The heart of surgery

I won’t write about smoking flesh, the straight needle suturing technique, the suffocating mask, my inability to open the gown the right way. Neither will I write about the few inpatients, the conflicts with nurses, the angry stream of people coming through clinic after waiting for a long time in the waiting room, the multiple multidisciplinary meetings, or the terrible accidents that brought in some of those under the trauma unit. I won’t even write about the early starts, and long days without daylight. But I will write about the heart and soul of surgery.

It was the most formal mid term assessment any of us has had so far. It’s touching really, the attention they pay to the intern group. But the most significant comment to be made, is that -gasp- I didn’t know specific sub-unit the Prof, the head of surgery worked in?

The only time I’ve come across this man was in general outpatients, attended by a mix of interns, residents, registrars and consultants from several units. I presented a few cases to him, he helped form the management plan, and that was fine. One day he came across the corridor, and asked whether we could run an errand? It was actually for the trauma team, but could I do it? Yes, okay.

“Of course you would, wouldn’t you? Or else I wouldn’t write you a good assessment,” he said, half jokingly – or then again maybe he wasn’t. “Oh, I didn’t know you were doing our assessments, are you on (this unit) too?” The other people in the room, supposedly working, hold their breath in horror. Ooooooo. It’s not a small group of consultants. I hadn’t worked or been a student there prior to that week, and evidently, I don’t gossip about registars and consultants enough to be in the know. After running the errand and letting him know the happenings of his private patient, I thought, just in case he was offended, I will apologise for the earlier incident. And I did.

But weeks later I still hear about it, mentioned in a roundabout way, at a feedback session given by another consultant. Later, we are at coffee with our temporary registrar, and in a well meaning way he tells us about the sort of things that matter on these teams. About titles – first names, or Doctor or Miss, or Mister or Prof, and what about the ever confusing title of A/Prof? About conversations, and what conversations not to have in theatre. About how an emergency group meeting was going to be held with the interns across surgery, as across the units (so not specifically on our unit) the consultants felt that we were “overfamiliar” with them. What is that even supposed to mean.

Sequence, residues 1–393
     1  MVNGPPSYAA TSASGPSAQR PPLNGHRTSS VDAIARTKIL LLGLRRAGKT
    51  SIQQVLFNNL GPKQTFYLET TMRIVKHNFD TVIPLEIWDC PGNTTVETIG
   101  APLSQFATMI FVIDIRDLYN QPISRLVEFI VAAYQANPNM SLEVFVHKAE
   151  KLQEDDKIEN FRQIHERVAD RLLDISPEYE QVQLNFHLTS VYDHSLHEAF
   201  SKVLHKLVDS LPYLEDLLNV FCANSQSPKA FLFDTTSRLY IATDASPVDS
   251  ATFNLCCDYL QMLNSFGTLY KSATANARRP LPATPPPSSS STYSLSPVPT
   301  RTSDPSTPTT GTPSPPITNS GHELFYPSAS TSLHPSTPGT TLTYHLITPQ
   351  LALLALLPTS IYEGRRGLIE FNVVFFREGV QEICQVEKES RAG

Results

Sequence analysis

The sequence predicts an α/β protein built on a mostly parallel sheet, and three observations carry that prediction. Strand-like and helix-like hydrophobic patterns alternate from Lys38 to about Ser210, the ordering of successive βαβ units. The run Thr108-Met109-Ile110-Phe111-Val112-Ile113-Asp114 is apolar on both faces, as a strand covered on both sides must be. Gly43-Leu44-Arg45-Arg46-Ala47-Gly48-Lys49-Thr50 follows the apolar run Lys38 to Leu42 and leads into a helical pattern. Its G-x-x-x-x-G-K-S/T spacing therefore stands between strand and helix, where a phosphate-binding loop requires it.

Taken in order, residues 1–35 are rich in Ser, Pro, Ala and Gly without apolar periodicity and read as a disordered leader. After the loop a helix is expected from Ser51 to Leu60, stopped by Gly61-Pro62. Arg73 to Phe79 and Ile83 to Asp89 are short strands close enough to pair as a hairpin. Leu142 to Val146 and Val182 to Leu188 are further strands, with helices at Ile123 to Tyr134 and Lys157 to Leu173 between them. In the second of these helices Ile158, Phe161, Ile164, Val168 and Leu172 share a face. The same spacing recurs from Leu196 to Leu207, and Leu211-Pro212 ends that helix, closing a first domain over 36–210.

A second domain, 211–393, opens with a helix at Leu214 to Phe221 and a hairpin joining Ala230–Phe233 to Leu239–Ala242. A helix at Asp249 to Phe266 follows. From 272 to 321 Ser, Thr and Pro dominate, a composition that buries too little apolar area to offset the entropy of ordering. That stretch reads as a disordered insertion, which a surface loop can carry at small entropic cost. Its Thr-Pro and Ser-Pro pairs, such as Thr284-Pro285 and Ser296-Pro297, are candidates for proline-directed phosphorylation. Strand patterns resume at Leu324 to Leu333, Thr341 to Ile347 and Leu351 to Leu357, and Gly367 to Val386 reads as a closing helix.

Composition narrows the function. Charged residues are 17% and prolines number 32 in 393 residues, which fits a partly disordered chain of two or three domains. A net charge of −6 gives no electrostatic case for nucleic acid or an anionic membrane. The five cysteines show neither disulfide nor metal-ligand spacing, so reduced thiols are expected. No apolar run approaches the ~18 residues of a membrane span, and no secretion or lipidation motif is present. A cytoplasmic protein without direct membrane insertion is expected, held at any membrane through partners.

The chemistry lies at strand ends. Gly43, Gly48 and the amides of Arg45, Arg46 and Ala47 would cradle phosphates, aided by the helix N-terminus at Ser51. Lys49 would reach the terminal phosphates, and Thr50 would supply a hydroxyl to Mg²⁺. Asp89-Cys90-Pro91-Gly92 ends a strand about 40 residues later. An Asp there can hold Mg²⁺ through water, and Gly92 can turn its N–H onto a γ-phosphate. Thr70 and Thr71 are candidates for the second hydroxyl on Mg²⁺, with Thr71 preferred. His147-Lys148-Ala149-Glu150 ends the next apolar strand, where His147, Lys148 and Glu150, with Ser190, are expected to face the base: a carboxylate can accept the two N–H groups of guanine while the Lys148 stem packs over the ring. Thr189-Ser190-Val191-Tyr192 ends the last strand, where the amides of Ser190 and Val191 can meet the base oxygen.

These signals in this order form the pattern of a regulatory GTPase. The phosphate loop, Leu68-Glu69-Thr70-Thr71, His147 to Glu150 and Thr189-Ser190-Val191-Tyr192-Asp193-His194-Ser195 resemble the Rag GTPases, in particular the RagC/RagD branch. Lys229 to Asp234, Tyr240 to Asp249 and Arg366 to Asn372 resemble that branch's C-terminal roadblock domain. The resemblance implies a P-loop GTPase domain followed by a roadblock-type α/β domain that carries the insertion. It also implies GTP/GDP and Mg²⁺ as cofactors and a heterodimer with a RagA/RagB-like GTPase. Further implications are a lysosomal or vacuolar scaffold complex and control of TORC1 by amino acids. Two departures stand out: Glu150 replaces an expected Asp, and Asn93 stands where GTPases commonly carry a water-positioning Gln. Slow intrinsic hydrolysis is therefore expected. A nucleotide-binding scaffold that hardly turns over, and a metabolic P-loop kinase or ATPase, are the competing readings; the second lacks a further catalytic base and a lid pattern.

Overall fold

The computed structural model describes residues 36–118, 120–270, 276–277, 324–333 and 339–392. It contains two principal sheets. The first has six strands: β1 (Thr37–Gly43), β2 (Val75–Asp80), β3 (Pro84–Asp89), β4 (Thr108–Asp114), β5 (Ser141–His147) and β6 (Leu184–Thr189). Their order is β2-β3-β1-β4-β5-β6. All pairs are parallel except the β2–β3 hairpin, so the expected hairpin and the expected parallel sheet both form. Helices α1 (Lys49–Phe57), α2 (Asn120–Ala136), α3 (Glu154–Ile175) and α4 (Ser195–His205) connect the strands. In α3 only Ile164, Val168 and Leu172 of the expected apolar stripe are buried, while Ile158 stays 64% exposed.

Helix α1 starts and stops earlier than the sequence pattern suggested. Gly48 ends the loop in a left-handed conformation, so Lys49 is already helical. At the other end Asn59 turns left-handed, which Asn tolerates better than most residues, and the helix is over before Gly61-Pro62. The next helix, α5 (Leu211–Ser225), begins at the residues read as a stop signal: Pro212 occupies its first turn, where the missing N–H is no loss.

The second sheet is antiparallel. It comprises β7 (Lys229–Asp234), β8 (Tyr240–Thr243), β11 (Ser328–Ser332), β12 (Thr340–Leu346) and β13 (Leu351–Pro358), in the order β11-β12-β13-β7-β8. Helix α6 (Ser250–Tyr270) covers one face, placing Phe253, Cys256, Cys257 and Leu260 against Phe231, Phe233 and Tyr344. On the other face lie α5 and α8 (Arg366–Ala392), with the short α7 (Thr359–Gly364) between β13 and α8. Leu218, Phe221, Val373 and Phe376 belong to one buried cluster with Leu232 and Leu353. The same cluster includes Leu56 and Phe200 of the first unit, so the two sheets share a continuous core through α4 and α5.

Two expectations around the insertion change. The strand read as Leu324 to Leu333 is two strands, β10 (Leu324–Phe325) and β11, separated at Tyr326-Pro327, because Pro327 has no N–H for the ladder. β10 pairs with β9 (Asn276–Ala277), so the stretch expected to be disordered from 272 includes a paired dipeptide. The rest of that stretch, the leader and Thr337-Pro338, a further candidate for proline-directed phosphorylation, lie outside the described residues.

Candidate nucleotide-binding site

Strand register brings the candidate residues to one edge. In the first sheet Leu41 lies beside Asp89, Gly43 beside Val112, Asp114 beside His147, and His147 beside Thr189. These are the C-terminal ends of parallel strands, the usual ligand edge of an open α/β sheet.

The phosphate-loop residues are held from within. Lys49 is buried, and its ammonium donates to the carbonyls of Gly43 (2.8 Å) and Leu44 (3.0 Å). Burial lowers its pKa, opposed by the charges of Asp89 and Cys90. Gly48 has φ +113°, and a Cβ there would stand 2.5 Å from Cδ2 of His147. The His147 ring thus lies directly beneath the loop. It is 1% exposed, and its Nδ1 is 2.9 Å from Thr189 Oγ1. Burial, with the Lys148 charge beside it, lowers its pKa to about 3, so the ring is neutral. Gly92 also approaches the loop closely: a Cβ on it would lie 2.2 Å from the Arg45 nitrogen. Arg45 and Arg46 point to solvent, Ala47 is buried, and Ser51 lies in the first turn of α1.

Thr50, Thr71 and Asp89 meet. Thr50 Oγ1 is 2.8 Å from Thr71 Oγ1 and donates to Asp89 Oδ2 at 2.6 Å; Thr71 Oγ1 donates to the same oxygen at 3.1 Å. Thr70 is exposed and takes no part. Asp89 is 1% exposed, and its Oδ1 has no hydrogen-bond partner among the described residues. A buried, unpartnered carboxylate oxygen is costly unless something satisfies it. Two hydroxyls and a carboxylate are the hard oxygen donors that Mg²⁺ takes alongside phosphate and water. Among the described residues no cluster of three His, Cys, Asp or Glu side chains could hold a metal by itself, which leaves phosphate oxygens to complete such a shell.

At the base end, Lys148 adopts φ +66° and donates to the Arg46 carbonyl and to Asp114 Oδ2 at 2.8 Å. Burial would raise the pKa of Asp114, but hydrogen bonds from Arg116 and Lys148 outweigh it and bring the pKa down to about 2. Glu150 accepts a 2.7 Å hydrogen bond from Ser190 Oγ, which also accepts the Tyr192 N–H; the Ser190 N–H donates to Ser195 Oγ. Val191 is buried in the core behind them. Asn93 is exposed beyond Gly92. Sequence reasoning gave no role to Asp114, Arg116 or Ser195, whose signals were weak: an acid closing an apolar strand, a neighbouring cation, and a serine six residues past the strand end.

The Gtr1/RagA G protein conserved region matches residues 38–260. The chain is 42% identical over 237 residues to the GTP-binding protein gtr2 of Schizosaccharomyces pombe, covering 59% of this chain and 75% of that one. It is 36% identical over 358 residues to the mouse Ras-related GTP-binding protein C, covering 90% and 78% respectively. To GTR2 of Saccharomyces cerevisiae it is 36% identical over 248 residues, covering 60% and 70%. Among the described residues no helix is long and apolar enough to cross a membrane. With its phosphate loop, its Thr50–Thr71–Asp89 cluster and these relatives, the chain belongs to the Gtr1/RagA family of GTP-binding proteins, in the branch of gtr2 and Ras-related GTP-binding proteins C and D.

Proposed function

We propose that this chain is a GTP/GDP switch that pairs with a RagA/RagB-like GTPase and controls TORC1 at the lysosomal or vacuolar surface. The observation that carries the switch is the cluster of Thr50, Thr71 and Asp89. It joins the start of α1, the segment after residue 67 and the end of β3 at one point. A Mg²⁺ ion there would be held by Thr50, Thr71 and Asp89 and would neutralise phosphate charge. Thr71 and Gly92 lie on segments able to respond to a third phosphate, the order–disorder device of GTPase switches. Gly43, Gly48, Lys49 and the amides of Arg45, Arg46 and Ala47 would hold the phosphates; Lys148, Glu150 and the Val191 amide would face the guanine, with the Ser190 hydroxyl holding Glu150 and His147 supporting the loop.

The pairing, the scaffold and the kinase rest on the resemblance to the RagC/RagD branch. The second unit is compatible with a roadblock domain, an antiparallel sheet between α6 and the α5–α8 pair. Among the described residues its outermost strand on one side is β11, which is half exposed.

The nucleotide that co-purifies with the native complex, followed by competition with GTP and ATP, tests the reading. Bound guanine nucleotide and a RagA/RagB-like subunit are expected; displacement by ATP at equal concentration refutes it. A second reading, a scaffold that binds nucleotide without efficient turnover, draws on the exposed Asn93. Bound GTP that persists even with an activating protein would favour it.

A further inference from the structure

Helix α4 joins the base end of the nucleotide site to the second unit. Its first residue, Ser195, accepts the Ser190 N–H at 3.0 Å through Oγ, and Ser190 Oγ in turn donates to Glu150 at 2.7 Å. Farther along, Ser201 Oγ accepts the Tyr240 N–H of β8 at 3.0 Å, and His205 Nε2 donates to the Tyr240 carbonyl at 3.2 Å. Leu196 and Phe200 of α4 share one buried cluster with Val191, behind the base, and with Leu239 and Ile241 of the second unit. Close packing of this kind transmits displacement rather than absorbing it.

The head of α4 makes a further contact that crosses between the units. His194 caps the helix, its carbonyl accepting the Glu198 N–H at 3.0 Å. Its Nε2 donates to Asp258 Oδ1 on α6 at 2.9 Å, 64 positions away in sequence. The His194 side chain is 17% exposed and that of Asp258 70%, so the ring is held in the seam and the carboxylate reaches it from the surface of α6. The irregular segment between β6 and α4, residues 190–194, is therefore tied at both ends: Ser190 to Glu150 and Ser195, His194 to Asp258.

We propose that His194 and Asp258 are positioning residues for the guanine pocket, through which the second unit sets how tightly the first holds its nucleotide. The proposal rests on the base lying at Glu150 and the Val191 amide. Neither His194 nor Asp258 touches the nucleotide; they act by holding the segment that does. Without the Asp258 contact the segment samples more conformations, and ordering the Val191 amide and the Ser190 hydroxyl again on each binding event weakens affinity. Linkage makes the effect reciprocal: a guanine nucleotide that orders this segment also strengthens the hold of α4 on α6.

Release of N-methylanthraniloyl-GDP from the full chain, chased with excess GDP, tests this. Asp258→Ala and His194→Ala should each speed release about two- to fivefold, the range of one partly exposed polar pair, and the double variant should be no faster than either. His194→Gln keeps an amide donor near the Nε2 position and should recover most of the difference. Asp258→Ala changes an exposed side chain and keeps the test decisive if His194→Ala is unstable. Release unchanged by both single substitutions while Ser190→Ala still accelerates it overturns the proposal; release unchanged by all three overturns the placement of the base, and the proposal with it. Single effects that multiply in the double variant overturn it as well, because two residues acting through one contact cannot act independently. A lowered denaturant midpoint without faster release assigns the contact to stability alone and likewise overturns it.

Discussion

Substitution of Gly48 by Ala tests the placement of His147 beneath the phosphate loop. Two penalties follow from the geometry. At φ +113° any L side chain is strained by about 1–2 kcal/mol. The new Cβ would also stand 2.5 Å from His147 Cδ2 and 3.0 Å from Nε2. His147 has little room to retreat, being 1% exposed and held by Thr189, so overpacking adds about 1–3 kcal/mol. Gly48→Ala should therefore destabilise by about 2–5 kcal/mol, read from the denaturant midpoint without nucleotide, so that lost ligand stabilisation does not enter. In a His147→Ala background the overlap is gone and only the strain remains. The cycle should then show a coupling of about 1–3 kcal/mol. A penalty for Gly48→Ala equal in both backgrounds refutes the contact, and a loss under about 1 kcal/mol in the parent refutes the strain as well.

I agree, we should of course be respectful. And careful not to talk or address in a way that offends. But the amount of attention paid to this is far far far more than any other aspect of the job – maybe we can get some useful feedback too, about our patient assessment and management, our case presentations, what about working as a team with co-interns, what about the surgeon’s favourite “medical school these days don’t teach any anatomy”? Is the most important quality you look for in your prospective trainees, the ability to slavishly suck up to you and reinforce your status as king of this old and prestigous castle? I’m not saying all in the field are like this, I’m not even saying the head of department is so (to be truthful, on most occasions he seems to be a pleasant and reasonable man), but ego is a big thing in surgery. Perhaps we need to remember that somewhere out there, there is a world beyond that of this institution, beyond these hospital walls. Perhaps we need to know, each of us no matter how high or low on this hospital heirarchy, are accountable to God who is above all.

Slaves, obey your earthly masters with respect and fear, and with sincerity of heart, just as you would obey Christ. Obey them not only to win their favor when their eye is on you, but as slaves of Christ, doing the will of God from your heart. Serve wholeheartedly, as if you were serving the Lord, not people, because you know that the Lord will reward each one for whatever good they do, whether they are slave or free. And masters, treat your slaves in the same way. Do not threaten them, since you know that he who is both their Master and yours is in heaven, and there is no favoritism with him. – Ephesians 6:5-9


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